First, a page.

The prosecution’s case ended today, Tuesday. The defense will begin on Monday.
Julian Assange, an Australian, says the charges are reprisal for WikiLeaks’ publication of information embarrassing to the U.S. and other governments.
Mairead Corrigan-Maguire, an author and peace prize winner, believes that Manning should receive the ‘Nobel Peace Prize.’ She believes he should be credited for helping to end the war in Iraq, and keeping the United States from participating in other conflicts.
Ms. Corrigan-Maguire says this about peace: “Peace is more than simply the absence of war; it is the active creation of something better. Alfred Nobel recognized this when he created alongside those for chemistry, literature, medicine and physics, an annual prize for outstanding contributions in peace. Nobel’s foresight is a reminder to us all that peace must be created, maintained, and advanced, and it is indeed possible for one individual to have an extraordinary impact.”
I’ve never read a better definition.
Ms. Corrigan-Maguire recently returned from Syria. She spoke with refugees, rebels, and Syrian security forces. She says that hawks such as John McCain are wrong about assisting the rebels. The majority of the extreme violence is the product of outside military components on both sides. She said that the ‘true rebels’ and Syrian forces, all want to find a way to a peaceful end to the conflict.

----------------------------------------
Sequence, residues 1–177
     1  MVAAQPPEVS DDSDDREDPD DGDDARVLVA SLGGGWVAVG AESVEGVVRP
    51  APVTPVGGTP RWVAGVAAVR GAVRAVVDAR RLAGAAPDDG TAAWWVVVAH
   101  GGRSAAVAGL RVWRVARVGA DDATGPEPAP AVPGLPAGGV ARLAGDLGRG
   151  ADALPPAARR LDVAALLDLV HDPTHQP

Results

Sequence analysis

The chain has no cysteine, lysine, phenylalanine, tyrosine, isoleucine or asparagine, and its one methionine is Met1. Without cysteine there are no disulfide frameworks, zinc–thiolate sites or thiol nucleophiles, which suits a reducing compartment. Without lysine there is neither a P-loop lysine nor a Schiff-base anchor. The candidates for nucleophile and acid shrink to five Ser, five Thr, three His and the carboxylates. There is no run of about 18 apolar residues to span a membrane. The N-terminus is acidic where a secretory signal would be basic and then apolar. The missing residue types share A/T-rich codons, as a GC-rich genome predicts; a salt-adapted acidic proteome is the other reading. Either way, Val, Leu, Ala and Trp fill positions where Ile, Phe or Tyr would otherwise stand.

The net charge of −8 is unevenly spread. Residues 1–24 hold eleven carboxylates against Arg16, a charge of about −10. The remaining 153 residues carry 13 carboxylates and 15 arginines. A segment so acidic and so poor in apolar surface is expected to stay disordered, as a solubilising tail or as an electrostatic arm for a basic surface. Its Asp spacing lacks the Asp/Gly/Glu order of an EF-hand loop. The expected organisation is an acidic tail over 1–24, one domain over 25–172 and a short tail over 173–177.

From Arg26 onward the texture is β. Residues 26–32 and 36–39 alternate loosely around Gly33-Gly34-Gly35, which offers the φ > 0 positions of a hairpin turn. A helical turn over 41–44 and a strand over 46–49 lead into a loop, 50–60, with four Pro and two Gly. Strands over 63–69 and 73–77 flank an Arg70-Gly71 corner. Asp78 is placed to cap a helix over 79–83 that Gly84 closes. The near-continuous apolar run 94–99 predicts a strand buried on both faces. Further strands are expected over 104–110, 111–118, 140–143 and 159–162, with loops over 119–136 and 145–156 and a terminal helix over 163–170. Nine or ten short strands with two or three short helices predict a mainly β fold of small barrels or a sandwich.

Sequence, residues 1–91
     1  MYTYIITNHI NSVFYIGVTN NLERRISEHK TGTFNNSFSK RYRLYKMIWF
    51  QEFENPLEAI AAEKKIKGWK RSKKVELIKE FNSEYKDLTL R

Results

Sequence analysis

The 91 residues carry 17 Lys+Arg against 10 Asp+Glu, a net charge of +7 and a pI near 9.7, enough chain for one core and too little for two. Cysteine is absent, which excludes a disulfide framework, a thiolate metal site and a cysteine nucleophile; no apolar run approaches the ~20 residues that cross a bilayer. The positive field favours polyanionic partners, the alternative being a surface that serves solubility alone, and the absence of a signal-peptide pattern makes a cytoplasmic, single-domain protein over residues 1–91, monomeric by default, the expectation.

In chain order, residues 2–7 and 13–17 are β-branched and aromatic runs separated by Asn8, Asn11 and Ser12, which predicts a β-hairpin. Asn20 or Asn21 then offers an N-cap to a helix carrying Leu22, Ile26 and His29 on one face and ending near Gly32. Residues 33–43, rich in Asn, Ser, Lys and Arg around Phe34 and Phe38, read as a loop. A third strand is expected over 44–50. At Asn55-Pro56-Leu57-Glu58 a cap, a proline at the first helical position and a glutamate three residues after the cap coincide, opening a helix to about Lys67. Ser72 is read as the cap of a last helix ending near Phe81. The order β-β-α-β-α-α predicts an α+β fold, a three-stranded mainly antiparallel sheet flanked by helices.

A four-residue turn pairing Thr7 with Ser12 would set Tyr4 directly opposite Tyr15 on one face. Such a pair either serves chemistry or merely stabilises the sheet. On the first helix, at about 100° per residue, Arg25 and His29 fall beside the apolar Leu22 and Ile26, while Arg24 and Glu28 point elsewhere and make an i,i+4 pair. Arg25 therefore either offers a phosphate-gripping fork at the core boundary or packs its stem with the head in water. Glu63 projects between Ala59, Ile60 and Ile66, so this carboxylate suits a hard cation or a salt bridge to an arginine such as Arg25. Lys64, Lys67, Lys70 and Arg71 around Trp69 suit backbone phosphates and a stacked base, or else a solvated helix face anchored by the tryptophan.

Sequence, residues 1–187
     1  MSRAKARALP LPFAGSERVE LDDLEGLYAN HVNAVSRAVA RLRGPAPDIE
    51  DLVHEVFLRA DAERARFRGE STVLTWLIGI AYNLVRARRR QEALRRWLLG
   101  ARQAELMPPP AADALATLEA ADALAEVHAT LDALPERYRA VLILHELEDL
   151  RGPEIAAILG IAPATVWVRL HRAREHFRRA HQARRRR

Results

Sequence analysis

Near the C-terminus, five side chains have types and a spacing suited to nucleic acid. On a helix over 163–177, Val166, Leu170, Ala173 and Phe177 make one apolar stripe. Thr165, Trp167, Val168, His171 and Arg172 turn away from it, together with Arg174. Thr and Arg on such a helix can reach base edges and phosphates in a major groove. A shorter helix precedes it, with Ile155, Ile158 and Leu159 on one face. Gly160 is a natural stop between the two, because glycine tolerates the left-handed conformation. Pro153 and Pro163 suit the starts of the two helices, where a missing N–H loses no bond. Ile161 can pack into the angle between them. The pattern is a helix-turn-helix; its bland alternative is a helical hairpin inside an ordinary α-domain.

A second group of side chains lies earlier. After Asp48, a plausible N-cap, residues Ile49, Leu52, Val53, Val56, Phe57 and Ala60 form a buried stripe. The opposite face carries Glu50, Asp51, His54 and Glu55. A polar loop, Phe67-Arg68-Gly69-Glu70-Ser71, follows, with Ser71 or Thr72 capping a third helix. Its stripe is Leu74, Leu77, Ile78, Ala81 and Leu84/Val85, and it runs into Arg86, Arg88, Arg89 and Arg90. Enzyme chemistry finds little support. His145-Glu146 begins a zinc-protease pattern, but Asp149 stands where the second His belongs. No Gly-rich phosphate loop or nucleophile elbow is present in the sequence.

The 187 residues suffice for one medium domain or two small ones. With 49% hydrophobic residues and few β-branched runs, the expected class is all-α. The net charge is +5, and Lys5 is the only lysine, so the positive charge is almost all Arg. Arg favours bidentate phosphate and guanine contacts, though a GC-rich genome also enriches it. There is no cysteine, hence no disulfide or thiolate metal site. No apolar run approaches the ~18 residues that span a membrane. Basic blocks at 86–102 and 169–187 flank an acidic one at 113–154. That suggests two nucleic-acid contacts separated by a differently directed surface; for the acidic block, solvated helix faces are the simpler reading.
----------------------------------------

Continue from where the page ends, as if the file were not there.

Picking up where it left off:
She said that before Manning’s actions, and a growing condemnation of our continued presence in Iraq by the American people, Syria would already have been invaded by a number of U.S. forces.
Transparency of crimes against humanity is prevalent in the Middle East today. She said if Manning had not taken actions, the world would not have known the truth about the atrocities inside Iraq. US forces committed covert crimes in the name of spreading democracy in Iraq, killing innocent civilians in incidents such as the one depicted in the “Collateral Murder” video, and supported Iraqi prisoner torture.
She points out that Manning is the only one on trial. None of those who committed inhumane acts during the Iraqi conflict have been brought up on charges.
Ms. Corrigan-McGuire’s final words: “I hope American leaders will embrace the U.S. constitution, and base their national and foreign policies on ethical values, human rights and international law.”
Alfred James reporting OP-ED
As an anti-war veteran, my perspective on the Bradley Manning trial is that capitalism/imperialism has once again turned truth into a victim of war.